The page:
Friday, March 17, 2017

Cervical cancer screening and Building Schools in our Area

This week Megan combined her work with our work with women on ART treatment.  We will be testing them with VIAC (visual inspection Analysis of Cervix) to assess cervical changes that could easily be cancer and also she will be doing cytology on those patients as well as testing menstrual pads for viral loads.

On Mondays we draw viral loads on HIV patients so we had a support meeting and Megan and her research assistants then explained their program to the women.  They were very excited to have this service offered to them.  We hope we can stop cervical cancer before it gets too far along in these high risk patients.

On Wednesday Nikki, Justin and son Noah Hess joined us for 3 days.  They represent ZRSP (Zimbabwe Rural Schools Program) that have been working with Major for several years to build and develop schools in our area.  They have built school blocks at Kemapondo and Batanai and have build new schools at Mukowe and Davare.  They have provided everything from boreholes for water at the school to school desks, teachers housing and pens and exercise books for the children.  They have been so helpful.  We have used these new schools as church buildings in our area and have built up big churches in these places.

They came to visit their projects and look at a new site and decide priorities for the next year.  We had a great time with them.  They live in South Africa now  but are Zimbabweans who grew up in Harare.  They actually live right down the street from Michael, Major's son who is in University in South Africa.  He enjoys meals at their house a lot--when they can afford to feed the hungry college student!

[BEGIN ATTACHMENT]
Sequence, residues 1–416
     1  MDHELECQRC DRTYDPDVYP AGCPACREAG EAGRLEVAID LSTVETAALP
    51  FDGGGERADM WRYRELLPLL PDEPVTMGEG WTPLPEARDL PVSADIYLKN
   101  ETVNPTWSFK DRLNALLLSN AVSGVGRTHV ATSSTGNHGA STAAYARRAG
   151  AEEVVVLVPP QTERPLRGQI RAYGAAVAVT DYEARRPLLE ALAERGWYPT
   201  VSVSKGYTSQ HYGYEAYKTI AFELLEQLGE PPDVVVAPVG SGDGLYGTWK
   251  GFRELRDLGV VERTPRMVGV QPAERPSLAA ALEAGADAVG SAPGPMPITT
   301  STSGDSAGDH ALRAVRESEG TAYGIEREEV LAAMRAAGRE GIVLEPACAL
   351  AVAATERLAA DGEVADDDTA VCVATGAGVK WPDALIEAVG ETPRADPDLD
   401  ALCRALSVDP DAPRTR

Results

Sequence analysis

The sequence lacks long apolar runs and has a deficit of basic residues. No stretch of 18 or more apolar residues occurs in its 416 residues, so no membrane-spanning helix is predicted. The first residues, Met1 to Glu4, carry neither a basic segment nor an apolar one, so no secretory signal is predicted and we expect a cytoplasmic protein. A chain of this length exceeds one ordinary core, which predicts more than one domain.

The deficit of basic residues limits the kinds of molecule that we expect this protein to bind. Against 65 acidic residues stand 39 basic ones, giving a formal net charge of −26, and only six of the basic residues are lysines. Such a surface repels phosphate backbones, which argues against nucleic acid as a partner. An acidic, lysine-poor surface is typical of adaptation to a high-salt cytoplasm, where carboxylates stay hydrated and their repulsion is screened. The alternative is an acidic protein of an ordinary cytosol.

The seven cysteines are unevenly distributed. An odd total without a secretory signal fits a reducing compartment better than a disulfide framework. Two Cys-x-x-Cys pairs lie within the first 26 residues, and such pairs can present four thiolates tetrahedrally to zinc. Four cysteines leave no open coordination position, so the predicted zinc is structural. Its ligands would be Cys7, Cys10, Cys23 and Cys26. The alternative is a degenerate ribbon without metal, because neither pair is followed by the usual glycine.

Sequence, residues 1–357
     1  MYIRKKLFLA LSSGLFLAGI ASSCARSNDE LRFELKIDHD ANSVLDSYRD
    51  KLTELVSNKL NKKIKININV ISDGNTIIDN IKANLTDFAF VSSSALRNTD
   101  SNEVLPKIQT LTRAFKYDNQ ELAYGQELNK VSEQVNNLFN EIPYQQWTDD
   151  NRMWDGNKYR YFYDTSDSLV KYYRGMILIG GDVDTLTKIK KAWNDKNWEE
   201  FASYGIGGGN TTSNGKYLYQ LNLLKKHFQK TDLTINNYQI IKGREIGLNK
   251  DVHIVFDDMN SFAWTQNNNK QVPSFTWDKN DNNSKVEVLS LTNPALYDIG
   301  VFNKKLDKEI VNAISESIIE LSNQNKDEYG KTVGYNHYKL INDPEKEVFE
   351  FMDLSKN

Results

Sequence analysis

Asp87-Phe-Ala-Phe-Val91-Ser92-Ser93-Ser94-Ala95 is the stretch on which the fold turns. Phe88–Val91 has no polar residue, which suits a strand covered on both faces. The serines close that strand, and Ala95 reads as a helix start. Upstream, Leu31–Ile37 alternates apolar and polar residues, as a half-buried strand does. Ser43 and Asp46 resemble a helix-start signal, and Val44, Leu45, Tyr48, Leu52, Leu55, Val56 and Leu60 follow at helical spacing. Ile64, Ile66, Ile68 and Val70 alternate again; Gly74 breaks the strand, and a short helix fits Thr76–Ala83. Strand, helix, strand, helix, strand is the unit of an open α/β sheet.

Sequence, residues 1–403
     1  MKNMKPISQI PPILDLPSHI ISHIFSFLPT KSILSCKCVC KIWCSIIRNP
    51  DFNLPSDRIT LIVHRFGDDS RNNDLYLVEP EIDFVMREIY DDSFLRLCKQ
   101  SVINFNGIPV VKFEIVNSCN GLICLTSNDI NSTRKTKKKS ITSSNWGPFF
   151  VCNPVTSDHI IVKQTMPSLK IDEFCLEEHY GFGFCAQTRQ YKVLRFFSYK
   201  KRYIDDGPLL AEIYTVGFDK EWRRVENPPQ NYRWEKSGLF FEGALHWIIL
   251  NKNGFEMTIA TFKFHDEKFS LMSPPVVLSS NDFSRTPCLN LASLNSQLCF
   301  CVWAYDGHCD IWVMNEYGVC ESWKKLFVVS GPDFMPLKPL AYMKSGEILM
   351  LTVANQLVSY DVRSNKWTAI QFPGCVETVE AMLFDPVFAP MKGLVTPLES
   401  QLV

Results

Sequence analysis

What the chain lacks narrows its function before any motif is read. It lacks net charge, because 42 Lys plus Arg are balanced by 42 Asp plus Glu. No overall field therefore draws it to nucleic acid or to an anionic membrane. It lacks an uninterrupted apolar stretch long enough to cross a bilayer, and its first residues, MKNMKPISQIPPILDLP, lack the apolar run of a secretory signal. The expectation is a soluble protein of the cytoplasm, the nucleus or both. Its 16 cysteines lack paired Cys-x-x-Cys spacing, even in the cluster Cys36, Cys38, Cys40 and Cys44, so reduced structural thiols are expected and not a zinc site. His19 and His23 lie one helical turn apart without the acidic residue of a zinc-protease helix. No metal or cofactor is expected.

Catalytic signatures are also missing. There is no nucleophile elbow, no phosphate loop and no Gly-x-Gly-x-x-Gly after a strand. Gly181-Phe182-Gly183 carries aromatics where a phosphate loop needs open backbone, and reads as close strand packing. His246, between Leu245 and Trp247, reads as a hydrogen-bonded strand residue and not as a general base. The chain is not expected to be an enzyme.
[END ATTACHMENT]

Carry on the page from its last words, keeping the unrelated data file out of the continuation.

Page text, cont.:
We are thankful for their friendship and great help through their organization to our schools in our area.

Megan went home to Harare on Thursday so have a couple of days by myself to catch up on some paperwork and housework.  I am feeling much better and have more energy finally.

We haven't had rain for a about 8 days so we are wondering if this is the end of the rainy season a bit early.  Already we are seeing an increase in malaria cases which come when the rains stop.  We pray it will not be a bad year for malaria.  We still have a few cases of typhoid a week--up to 195 cases we have treated since December.

We want to invite anyone that reads this to plan on coming for our 50th anniversary celebration in January 2018.  Please save the date and join us.  Contact me if you have not received an invitation.

 Megan and AIDS Counsellors talking to women about Cervical Cancer

 Christine explaining to women about cervical cancer

 Noah

Nikki, Justin discussing with Major


Invitation for our 50th Anniversary

1 comment:

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